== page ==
The Oxford Centre for Early Cancer Detection (OxCODE), launched in 2019, is a multi-disciplinary community of Oxford-based researchers and clinicians with interests in early cancer detection research. OxCODE works under the umbrella of Oxford Cancer to coordinate the city's early cancer detection research.
What is early detection?
- Early detection is the detection of cancer at the earliest possible stage, when the disease is easiest to treat.
- Early detection looks to identify those few people at risk of cancer within the larger population, and to assess the best possible actions for those people.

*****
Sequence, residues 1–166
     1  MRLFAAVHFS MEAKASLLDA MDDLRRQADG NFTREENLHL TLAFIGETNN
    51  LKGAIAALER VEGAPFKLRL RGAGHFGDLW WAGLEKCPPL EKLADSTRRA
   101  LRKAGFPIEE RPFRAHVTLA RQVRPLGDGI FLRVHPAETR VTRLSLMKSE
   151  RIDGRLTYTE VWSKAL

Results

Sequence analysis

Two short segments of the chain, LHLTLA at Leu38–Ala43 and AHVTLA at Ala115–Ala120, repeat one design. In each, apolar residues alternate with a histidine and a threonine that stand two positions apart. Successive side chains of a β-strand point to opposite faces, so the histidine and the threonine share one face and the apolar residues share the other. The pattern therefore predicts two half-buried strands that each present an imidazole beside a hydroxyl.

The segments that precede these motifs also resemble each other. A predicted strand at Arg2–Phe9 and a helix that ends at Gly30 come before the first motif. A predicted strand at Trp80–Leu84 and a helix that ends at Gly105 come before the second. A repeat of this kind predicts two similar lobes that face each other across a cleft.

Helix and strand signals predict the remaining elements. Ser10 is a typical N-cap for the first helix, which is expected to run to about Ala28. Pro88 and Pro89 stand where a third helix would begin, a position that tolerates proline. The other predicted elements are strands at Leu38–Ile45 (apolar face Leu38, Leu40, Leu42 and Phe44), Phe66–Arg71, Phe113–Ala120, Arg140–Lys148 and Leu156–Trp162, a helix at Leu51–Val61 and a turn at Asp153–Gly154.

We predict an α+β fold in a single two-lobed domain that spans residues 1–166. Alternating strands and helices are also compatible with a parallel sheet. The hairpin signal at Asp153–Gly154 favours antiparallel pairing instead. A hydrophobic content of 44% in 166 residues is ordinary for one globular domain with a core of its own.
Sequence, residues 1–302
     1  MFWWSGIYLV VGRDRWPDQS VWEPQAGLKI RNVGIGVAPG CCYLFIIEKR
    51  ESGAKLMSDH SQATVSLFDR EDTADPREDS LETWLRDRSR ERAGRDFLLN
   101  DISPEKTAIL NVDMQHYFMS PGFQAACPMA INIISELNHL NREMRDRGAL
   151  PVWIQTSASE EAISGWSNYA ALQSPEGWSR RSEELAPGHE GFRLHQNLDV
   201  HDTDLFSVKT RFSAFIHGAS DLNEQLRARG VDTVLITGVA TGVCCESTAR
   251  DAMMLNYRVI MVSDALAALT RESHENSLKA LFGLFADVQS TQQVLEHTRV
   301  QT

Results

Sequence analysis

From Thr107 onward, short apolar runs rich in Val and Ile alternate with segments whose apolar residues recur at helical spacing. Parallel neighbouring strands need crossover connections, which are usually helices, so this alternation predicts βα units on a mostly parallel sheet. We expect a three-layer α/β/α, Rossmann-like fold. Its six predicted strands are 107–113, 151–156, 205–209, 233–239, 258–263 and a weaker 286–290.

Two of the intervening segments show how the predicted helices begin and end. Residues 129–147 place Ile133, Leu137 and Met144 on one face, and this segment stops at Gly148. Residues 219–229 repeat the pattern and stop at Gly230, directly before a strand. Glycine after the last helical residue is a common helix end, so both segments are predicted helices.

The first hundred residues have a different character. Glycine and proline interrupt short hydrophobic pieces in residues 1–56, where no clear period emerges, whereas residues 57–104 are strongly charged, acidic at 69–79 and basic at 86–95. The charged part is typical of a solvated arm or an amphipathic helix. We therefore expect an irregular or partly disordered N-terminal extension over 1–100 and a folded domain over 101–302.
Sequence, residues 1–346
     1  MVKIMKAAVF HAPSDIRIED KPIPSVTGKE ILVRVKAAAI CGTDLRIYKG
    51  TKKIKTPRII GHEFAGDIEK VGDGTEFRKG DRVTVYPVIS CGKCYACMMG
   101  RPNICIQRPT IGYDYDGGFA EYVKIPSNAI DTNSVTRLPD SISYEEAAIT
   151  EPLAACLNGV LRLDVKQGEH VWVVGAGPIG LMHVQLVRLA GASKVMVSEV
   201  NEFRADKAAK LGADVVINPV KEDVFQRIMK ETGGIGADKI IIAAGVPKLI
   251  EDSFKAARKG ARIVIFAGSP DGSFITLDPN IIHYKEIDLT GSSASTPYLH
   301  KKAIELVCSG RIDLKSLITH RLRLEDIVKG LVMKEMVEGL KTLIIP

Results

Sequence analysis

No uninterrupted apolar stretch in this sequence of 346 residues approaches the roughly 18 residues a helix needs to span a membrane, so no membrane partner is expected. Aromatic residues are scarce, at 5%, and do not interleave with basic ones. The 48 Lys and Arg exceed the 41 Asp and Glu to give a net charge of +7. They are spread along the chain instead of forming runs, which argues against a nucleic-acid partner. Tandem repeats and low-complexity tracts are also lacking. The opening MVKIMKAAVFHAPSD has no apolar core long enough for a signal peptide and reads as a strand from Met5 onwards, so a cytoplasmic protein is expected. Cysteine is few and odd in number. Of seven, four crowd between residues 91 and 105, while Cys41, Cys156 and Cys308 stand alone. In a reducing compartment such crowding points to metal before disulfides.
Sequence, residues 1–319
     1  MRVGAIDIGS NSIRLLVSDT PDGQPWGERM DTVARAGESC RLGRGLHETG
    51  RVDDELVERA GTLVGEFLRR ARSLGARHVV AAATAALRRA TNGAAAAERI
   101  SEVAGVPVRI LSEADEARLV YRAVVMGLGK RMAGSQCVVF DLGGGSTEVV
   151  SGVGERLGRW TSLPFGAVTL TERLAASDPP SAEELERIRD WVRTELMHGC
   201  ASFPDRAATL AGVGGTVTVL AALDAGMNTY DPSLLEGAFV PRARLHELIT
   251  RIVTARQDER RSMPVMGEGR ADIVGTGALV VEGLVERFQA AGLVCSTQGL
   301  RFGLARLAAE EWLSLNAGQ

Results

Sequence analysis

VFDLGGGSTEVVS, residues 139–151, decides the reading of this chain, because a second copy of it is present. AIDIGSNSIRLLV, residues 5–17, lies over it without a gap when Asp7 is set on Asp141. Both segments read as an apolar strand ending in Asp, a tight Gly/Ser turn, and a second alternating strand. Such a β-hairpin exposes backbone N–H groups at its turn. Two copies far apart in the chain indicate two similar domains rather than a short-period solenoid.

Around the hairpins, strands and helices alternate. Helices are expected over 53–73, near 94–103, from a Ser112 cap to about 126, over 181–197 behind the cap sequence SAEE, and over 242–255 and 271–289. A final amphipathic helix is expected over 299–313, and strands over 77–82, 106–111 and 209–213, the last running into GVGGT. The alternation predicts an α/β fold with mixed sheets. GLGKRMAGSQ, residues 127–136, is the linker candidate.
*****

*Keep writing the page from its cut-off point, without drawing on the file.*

- Cancers can be detected earlier through a number of approaches, including screening programmes across the population, surveillance of people with high-risk conditions and individual personal education to support early diagnosis of warning signs for potential cancer.
Why is early detection important?
- When cancer is found earlier, it can be easier to treat successfully – often requiring fewer complex and expensive treatments.
- The chance of survival is higher for early stage cancers but currently, nearly half of all cancers in England are diagnosed at an advanced stage.
- Our research aims to help identify cancers earlier so that more patients can benefit from treatment which is likely to cure them, with fewer adverse side effects, and a reduction in the economic burden of advanced cancer.